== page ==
tony larussa and the all-star game

There is no All-Star Game as magical as baseball's Midsummer Classic, especially when the manager is Tony LaRussa. LaRussa did not disappoint, as there were many classic Tony elements to the game:

1. Double-switching

When you're managing the All-Star Game in a National League park, there is an added challenge to dealing with the bloated, 32-man roster, due to the absence oft he designated hitter. However, the main benefit to a double-switch is that it allows a team to avoid or delay a weak-hitting pitcher's plate appearance. In an All-Star game, pitchers only bat if there's an unusually long first-inning rally. In addition, LaRussa only used each pitcher for single inning.

What was the real benefit to the excessive double-switching? For one, it showed America that Tony LaRussa is a strategic genius. It also screwed over anyone foolish enough to try and keep score of the All-Star Game. I used to be quite passionate about scoring baseball games when I was little, even as young as age five. Though I was to young to stay up past the sixth inning, I insisted that my father complete the scorecard. The 1986 Game was a classic for me and headache for my dad, as he had to both shoehorn in extra names into the tiny space available, as well as figure out how to score an eighth inning featuring a passed ball, a balk, and a strikeout victim reaching first on a wild pitch.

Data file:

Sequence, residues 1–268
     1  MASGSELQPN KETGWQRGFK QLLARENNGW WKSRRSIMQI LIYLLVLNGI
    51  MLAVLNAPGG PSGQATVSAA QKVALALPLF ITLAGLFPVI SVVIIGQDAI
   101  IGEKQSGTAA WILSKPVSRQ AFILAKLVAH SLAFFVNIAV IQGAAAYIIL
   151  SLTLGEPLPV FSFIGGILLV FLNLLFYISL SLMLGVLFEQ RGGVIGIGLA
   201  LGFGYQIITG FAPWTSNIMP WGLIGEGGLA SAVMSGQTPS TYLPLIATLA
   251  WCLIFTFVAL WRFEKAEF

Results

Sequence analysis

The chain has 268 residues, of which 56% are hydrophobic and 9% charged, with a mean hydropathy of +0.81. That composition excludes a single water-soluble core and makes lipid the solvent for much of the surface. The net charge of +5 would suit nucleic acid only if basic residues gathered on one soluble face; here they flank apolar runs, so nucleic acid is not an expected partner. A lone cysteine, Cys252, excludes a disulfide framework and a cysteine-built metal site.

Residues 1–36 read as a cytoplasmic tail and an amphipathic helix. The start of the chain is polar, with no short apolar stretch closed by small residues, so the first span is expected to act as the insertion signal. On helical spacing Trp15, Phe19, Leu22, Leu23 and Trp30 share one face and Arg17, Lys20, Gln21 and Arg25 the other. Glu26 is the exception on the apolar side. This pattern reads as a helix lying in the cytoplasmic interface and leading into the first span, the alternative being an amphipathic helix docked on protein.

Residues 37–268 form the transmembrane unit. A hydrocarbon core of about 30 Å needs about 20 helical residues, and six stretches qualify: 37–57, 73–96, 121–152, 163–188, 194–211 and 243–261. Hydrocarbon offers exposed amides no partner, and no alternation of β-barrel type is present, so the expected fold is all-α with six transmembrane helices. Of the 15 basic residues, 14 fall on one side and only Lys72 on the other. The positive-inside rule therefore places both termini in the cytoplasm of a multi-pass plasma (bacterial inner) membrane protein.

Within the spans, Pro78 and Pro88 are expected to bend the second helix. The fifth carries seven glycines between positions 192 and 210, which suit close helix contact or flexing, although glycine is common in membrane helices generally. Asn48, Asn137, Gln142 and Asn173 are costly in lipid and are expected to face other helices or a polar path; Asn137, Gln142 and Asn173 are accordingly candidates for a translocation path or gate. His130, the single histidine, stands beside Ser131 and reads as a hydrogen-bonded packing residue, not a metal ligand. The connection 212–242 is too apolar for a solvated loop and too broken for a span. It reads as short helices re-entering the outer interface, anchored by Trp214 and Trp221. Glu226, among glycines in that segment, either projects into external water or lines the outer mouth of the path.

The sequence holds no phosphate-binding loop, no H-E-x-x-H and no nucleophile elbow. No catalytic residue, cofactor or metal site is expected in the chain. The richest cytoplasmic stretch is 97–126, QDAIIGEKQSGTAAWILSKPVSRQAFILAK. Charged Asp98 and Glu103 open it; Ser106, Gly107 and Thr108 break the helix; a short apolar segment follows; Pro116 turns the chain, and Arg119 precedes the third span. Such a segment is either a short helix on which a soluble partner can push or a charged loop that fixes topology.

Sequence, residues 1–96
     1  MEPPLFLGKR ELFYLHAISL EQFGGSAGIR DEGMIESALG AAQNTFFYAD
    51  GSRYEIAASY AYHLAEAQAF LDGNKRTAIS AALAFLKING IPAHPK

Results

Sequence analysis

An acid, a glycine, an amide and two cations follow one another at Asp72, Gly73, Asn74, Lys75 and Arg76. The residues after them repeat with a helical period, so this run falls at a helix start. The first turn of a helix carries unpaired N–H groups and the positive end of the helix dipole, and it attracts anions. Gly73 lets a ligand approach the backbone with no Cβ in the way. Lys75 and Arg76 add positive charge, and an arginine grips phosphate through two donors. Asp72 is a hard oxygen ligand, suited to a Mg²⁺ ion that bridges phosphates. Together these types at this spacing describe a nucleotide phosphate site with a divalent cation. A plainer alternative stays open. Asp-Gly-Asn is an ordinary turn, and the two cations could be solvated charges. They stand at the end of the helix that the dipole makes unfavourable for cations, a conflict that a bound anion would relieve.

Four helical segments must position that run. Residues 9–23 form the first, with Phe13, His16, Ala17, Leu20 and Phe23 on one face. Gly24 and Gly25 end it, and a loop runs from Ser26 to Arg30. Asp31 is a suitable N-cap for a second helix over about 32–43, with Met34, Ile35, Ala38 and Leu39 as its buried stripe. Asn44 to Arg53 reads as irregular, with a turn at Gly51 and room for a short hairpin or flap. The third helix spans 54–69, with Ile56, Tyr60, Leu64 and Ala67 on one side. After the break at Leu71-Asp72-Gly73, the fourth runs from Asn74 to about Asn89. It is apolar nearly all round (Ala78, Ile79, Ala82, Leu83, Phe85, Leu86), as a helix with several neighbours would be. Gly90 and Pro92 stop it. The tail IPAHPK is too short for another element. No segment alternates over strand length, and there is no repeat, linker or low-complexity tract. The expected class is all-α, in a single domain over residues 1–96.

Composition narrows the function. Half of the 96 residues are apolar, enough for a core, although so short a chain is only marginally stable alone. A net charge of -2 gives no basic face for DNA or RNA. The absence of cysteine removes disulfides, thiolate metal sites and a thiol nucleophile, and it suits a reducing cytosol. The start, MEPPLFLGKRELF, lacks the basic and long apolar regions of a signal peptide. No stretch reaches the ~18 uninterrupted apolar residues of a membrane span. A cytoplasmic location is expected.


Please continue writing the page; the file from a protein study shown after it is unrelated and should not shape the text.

2. Refusing to use his powerful pinch-hitters

The ninth inning ended with the bases loaded and Aaron Rowand at the plate. Aaron Rowand?!? Albert Pujols, still one of the most feared hitters in baseball even during a down year, could only watch from the bench. I assumed Pujols had an unreported injury, but no, Tony was making sure the team was prepared for extra innings that never came. It's not an unprecedented situation for Tony.

In the 2000 playoffs, the St. Louis Cardinals had a loaded team, including a hobbled Mark McGwire. McGwire couldn't run the bases, but he could pinch-hit. To maximize his value, LaRussa had to find a high-leverage pinch-hitting situation where McGwire could not be walked intentionally. LaRussa failed. In two games, McGwire never got off the bench. In another, McGwire got up to pinch-hit after a double, at which point he was walked intentionally. McGwire finished the series 0-for-2 with a walk, and St. Louis lost in five games.

3. Wearing his cap like a dork.

Just like always.

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This page contains a single entry by Sean Keane published on July 11, 2007 7:41 PM.

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